It’s usually cheaper to buy vanilla beans in bulk. To keep them from drying out, store them in a bottle of vanilla extract. The beans stay moist, fresh, and flavorful. Your extract will get an extra boost of vanilla flavor too.
Ever have leftover eggnog after a holiday party? It works perfectly for making easy and quick French toast. Dip the slices of bread in the eggnog instead of batter and fry as usual. Top with your favorite fruit and syrup.
Help your guest function easier through a serving line, (where it’s hard for people to manage their drink, plate and a bowl all at one time), by pre-ladling soup into individual bowls or Styrofoam cups on a buffet tray. Each guest can take one. If the soup you serve is drinkable, your guest won’t even need a spoon. They can simply drink it right from the bowl or cup. Perfect for the holidays or parties.
Before the holidays or a party, make a large batch of pie crust dough weeks in advance. Roll each crust out, wrap it in wax paper, then pack them up in freezer zipper-lock bags. Label each bag according to what the pie requires. For example: a bag labeled “apple” requires two crust (top and bottom crust), but a pumpkin pie requires only one crust for the bottom. Bags will stack nicely and lay flat in the freezer for easy storage. The night before, simply remove the crust from the freezer and defrost the appropriate bag in the refrigerator overnight. Finish the pie the next day.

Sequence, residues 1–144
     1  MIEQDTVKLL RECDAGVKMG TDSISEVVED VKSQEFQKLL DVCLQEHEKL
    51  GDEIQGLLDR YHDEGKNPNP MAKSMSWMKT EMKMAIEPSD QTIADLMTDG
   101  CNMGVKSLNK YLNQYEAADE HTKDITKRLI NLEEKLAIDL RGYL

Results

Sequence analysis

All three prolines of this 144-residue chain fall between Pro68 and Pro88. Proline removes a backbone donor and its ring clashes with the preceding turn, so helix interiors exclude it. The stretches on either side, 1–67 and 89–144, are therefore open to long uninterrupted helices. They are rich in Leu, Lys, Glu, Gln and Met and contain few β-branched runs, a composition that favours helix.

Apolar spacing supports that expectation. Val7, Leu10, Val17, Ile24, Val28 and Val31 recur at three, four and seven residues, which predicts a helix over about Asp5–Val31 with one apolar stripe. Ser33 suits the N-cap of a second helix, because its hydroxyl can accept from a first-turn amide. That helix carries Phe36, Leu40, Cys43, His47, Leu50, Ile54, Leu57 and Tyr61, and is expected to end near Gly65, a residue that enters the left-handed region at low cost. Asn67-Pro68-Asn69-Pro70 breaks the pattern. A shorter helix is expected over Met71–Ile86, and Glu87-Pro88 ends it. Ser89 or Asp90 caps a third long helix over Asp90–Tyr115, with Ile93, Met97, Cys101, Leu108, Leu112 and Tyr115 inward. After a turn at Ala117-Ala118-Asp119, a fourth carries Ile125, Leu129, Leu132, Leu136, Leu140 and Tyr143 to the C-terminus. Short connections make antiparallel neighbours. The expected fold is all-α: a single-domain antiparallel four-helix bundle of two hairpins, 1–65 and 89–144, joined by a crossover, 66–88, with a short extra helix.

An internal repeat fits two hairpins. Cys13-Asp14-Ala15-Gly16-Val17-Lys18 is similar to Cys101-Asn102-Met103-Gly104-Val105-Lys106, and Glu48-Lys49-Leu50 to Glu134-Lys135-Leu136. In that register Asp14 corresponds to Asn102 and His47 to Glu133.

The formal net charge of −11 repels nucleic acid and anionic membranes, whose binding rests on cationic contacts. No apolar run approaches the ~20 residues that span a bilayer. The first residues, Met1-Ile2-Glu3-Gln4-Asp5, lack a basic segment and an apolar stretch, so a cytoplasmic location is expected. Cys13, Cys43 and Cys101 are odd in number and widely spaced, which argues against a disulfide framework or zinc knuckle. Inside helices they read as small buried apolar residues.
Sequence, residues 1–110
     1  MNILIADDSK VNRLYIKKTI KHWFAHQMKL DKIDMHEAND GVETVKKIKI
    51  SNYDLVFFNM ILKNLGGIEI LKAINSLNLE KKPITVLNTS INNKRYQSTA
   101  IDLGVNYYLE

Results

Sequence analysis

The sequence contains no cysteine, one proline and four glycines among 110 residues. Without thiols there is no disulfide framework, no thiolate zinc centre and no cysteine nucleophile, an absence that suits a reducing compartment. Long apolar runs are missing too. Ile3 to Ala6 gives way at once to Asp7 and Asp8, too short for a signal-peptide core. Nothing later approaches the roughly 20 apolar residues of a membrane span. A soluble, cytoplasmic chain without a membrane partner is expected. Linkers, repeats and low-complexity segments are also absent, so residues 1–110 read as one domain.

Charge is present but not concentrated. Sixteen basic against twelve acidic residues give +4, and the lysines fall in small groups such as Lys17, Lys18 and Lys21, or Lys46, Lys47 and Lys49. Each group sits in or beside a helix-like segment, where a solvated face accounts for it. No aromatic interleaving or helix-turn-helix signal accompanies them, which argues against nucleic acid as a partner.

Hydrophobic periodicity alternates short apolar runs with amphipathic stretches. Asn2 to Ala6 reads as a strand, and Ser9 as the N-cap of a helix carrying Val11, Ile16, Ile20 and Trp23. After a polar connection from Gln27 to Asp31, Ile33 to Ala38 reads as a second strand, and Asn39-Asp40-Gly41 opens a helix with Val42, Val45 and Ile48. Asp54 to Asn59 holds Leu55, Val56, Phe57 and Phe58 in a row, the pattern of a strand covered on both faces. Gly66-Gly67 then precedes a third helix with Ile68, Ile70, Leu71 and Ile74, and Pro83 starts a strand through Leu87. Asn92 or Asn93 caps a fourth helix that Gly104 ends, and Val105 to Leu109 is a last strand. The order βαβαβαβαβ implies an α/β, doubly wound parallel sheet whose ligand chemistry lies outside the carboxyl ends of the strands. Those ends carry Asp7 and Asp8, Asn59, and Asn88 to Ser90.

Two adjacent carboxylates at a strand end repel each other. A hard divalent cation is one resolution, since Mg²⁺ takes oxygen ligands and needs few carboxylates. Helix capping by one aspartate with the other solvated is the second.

Make a full batch of your favorite meatball recipe and place them onto a baking sheet and place them in the freezer. Once they are frozen solid, place the appropriate amount of meatballs in individual freezer baggies. When you are ready to fix dinner, simply thaw a bag of frozen meatballs, boil your pasta, and add sauce. Voila! Dinner is served.
When making homemade stuffing, croutons, or bread pudding, freeze your bread before cutting it into cubes. The bread firms up, making it much easier to cut into bite-size pieces. The edges will be neat and clean too.
Place a large bowl or pan of water in the sink. Add the cherries and pit them at the bottom of the bowl. The pits usually float to the bottom of of the water. If the cherry “squeaks” when pitting it, there is usually a worm in the cherry. A cherry floating on the surface of the water also signals that there is a worm or bug inside the cherry. The cherries are rinsed in the process and your hands won’t be bright red from the cherry juice.
“Hard water” can be a culprit of sticky pasta. The higher levels of calcium and magnesium, (typically found in city water to help reduce pipe corrosion), often make the water more alkaline. This in turn can produce stickier pasta. Noodles boiled in “soft water” typically are less likely to clump. If you have a sticky pasta problem, add lemon juice to the water as it cooks. It helps to correct the imbalance and reduces sticking. Also, the sauce will stay put on the pasta.
We hope that you have discovered some helpful kitchen hacks today. Do you know of any great kitchen hacks that you would like to share?
Here’s to happy cooking!
Resource: Cook’s Country